In 2011, the School of Business and Economics announced a plan to resurrect the red tie tradition, which was established by legendary professor Sam Tidwell to celebrate graduates who passed the CPA exam.
The move is part of the school’s ongoing efforts to strengthen and expand the connections between alumni, students, and professors.
“When we maintain communication and create a stronger alumni-student network, everyone benefits,” said Dean Klippel. “The red ties are a symbol of progress and possibility, for the current students, the alumni, and the School as a whole.”
Shortly after the initial announcement about the red tie tradition, a letter arrived in the office of the dean, complete with a red tie—the first contribution to the Tidwell’s Ties program in more than a decade. The letter, which was from Will Thiele ’10, read:
“Keeping with the red tie tradition set into motion by Professor Sam Tidwell, I present you with this red tie. On Saturday, October 29, 2011, I passed the final section of the CPA exam. I received this passing score on Monday, November 21, 2011. The intent of this letter is to thank you and the rest of the School of Business for everything you’ve done to help prepare me for the CPA exam.”
Thiele, who first heard about the legend of the red ties as an undergraduate student, remembered the tradition when he passed the CPA exam and felt moved to contribute. Thiele is currently a staff auditor at Postlethwaite and Netterville. “The moment I heard about the red tie tradition from my accounting professors at Tech, I knew that was something I wanted to be a part of,” he said.
In the months since Thiele reinvigorated Tidwell’s tradition, red ties have been arriving regularly from young alumni who are eager to become part of the School of Business and Economics legacy. Each of the alumni welcomes the chance to maintain their ties—pun intended—to Michigan Tech.
Molly Bush ’07, an accounting graduate, sent in a tie after passing the CPA exam in August 2011. As a senior audit accountant at BDO USA, LLP in Detroit, she handles both public and private clients, performing quarterly reviews and year-end audits. She works closely with partners in the company’s Chicago and Boston offices and is active in BDO’s recruiting process. Bush, who worked as an audit associate and a tax accountant before coming to BDO, plans to become a manager before she turns thirty.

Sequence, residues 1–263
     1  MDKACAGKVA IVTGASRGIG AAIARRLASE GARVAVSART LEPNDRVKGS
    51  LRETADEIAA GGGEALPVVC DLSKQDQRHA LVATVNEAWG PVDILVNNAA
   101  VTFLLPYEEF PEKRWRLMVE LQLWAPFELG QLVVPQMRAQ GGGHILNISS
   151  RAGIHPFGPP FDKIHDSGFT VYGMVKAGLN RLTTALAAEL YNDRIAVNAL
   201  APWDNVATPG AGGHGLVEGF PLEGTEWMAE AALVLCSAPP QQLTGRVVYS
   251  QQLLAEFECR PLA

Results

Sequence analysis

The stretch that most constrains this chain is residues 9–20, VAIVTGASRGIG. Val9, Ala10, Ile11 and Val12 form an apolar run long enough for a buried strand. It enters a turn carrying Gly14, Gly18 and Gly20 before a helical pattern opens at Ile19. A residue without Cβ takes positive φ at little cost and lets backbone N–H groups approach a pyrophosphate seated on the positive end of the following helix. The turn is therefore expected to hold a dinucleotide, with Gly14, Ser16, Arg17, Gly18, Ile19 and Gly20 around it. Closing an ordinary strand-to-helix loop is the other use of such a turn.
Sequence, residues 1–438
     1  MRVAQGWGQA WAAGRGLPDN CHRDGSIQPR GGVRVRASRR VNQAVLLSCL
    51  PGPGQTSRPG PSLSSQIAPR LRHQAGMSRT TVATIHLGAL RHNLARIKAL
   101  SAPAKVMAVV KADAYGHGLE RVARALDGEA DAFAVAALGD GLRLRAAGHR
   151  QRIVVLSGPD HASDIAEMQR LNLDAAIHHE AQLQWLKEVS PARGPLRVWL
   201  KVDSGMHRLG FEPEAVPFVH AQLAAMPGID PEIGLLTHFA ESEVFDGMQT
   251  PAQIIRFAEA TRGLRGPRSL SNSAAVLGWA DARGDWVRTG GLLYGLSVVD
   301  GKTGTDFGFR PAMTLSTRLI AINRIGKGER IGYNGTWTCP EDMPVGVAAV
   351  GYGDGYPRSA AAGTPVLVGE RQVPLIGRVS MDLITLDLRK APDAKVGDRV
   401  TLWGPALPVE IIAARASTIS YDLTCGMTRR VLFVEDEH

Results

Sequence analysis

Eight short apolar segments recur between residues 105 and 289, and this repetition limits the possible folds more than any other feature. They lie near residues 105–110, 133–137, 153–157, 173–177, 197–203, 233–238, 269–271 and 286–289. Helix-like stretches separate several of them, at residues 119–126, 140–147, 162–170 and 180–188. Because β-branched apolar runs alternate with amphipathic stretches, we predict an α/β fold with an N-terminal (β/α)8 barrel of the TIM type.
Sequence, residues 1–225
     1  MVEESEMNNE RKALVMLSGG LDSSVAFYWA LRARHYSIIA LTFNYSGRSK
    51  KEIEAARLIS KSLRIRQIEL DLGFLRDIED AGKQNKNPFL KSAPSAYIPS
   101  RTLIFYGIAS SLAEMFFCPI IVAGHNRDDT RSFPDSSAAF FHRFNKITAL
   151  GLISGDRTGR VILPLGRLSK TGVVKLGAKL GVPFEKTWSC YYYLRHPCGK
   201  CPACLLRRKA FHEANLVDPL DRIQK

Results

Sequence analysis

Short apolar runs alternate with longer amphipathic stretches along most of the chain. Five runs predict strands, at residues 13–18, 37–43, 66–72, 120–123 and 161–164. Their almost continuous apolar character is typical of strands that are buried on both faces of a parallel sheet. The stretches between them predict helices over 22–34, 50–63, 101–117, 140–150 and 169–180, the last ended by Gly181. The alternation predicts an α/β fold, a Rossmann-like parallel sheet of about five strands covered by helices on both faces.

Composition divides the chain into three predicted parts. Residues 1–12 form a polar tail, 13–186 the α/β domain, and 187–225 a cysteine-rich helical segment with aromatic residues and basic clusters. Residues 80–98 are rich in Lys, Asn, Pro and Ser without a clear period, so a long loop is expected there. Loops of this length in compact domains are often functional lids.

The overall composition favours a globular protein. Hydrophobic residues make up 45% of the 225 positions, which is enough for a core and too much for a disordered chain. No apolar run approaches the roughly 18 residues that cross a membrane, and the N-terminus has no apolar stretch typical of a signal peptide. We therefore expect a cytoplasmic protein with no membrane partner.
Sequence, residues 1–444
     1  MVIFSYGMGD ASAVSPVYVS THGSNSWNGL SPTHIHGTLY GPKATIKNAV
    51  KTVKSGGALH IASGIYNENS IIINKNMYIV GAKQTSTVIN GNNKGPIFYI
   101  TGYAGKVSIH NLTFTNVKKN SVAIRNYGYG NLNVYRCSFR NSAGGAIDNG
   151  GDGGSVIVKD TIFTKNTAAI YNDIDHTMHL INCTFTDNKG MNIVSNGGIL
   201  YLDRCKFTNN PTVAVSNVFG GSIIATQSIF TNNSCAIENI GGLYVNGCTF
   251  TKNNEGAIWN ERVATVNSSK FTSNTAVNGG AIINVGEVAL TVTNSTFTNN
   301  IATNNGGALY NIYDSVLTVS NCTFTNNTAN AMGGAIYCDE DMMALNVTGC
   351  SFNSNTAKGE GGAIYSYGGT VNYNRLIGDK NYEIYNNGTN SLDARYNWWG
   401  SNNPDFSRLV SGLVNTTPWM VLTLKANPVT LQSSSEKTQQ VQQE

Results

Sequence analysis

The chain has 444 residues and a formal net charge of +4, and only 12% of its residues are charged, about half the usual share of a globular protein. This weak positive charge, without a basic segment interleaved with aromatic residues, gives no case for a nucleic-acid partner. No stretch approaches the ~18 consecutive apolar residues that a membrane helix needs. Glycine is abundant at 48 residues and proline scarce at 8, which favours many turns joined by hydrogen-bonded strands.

Bush believes in the symbolic importance of the red ties. “Taking the CPA exam and passing it is a huge challenge,” she said. “With the tradition, it allows those who have achieved this milestone to display their success. The ties give hope to students, letting them know that they can achieve the same thing.”
Ryan Lusardi ’10, of Makela, Toutant, Hill and Nardi PC, in Marquette, agrees. “As a student, I always found the ties motivating. They served as a reminder that despite the daily grind of being a college student, there is a light at the end of the tunnel. The CPA exam can seem like a daunting task, but the red ties served as a reminder that Michigan Tech has a track record of success.”
Brett Girard, who graduated in 2009 and is currently a senior auditor at Makela, Toutant, Hill and Nardi PC, adds his accolades to the faculty. “The accounting professors at Michigan Tech do an outstanding job preparing students for the CPA exam. The exam covers more than just accounting, though, and has an entire section devoted solely to business and economics. All the faculty aid in exam preparation,” he said.
As the red ties continue to arrive in the School, the accounting faculty members welcome the opportunity to create and maintain connections with their former students. In September 2012, Joel Tuoriniemi, Liang Song, Anne Warrington, Sheila Milligan, and Josh Filzen wore red ties to class. Each professor spoke about the alumnus who had sent in their tie, recounting their experiences at Michigan Tech and describing their career paths.
“The red tie experience creates real-world connections between students and alumni,” said Tuoriniemi. “My students were excited to hear personal stories about the alumni—it gives them a chance to see where an accounting education can take them. I am proud to help continue Sam Tidwell’s tradition.”
Michigan Technological University is a public research university founded in 1885 in Houghton, Michigan, and is home to more than 7,000 students from 55 countries around the world. Consistently ranked among the best universities in the country for return on investment, Michigan’s flagship technological university offers more than 120 undergraduate and graduate degree programs in science and technology, engineering, computing, forestry, business and economics, health professions, humanities, mathematics, social sciences, and the arts. The rural campus is situated just miles from Lake Superior in Michigan's Upper Peninsula, offering year-round opportunities for outdoor adventure.